Just to add to the post below: the current drive to carve up pensions and extend working lives is a simple smash-and-grab operation to expand absolute surplus value. It's a frontal assault on real wages, something comparatively rare under advcanced capitalism outside of deep recession.

A great deal has been written, recently, regarding an apparent US productivity "miracle". Much of this sudden increase in growth has been attributed to the retail sector, and the introduction of ICT to enable more efficient working practices: just-in-time delivery, minimum number of items in stock, and so on. It strikes me that much of these implicit increases in relative surplus value - to the extent that retailing produces surplus value at all - from improved technology are disguised increases in absolute surplus value: that ICT's major funciton, in low-cost bulk retailing like WalMart, is to improve staff monitoring. Actual working practices, one suspects, remain much the same: it's just somewhat harder to shirk when a computer is logging your every move. ICT, to this extent, is waste production; it does not directly contribute to the system's productivity, but is a necessary function of the system's inability to completely regulate its labour inputs.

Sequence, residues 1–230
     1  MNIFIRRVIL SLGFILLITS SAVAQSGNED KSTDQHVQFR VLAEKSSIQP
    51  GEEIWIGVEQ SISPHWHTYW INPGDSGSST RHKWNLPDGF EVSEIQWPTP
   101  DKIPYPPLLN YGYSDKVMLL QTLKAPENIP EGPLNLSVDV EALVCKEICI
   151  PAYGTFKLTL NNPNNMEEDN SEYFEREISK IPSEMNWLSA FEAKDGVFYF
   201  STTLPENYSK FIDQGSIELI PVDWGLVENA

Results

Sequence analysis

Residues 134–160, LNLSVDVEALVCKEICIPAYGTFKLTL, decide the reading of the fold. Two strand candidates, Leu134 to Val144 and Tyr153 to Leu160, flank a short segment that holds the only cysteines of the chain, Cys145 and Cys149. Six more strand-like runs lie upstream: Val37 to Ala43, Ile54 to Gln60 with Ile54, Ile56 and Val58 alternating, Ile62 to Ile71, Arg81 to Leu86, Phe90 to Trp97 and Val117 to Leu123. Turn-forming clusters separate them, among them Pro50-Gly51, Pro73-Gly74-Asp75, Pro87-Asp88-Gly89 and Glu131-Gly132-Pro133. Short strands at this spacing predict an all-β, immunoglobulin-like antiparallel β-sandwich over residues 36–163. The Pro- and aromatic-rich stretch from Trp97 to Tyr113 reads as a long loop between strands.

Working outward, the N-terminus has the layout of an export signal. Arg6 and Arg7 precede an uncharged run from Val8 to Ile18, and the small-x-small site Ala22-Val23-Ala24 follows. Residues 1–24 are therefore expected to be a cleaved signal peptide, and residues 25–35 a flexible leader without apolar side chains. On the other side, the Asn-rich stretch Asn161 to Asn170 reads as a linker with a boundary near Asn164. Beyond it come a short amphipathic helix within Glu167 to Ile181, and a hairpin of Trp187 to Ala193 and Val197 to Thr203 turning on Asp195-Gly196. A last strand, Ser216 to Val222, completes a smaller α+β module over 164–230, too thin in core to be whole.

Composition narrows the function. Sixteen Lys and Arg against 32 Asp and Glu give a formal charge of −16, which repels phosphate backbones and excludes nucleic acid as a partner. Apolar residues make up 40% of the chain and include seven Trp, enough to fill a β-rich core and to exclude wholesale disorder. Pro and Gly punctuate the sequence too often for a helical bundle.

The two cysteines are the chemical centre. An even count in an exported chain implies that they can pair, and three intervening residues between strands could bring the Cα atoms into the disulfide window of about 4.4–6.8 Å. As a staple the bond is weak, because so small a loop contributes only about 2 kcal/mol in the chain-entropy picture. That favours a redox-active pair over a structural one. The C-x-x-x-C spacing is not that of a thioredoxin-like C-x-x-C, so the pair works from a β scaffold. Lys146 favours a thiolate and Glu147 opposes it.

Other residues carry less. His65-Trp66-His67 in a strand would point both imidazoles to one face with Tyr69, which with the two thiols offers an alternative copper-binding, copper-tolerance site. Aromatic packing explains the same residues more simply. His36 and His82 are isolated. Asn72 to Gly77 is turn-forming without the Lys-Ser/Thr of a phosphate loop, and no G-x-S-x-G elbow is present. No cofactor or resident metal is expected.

(The same argument about improved monitoring is harder to make for ICT in other service sectors - something anyone reading this at work will well appreciate.)

Monday, April 10, 2006

Absolute surplus value, China, and the North

Ah, splendid:

Valéry Giscard d'Estaing, former president, on Sunday underlined the seriousness of the situation when he said the country's institutions were in a state of disarray not seen since the late 1950s when, amid the Algerian political crisis, the constitution was rewritten to create the Fifth Republic.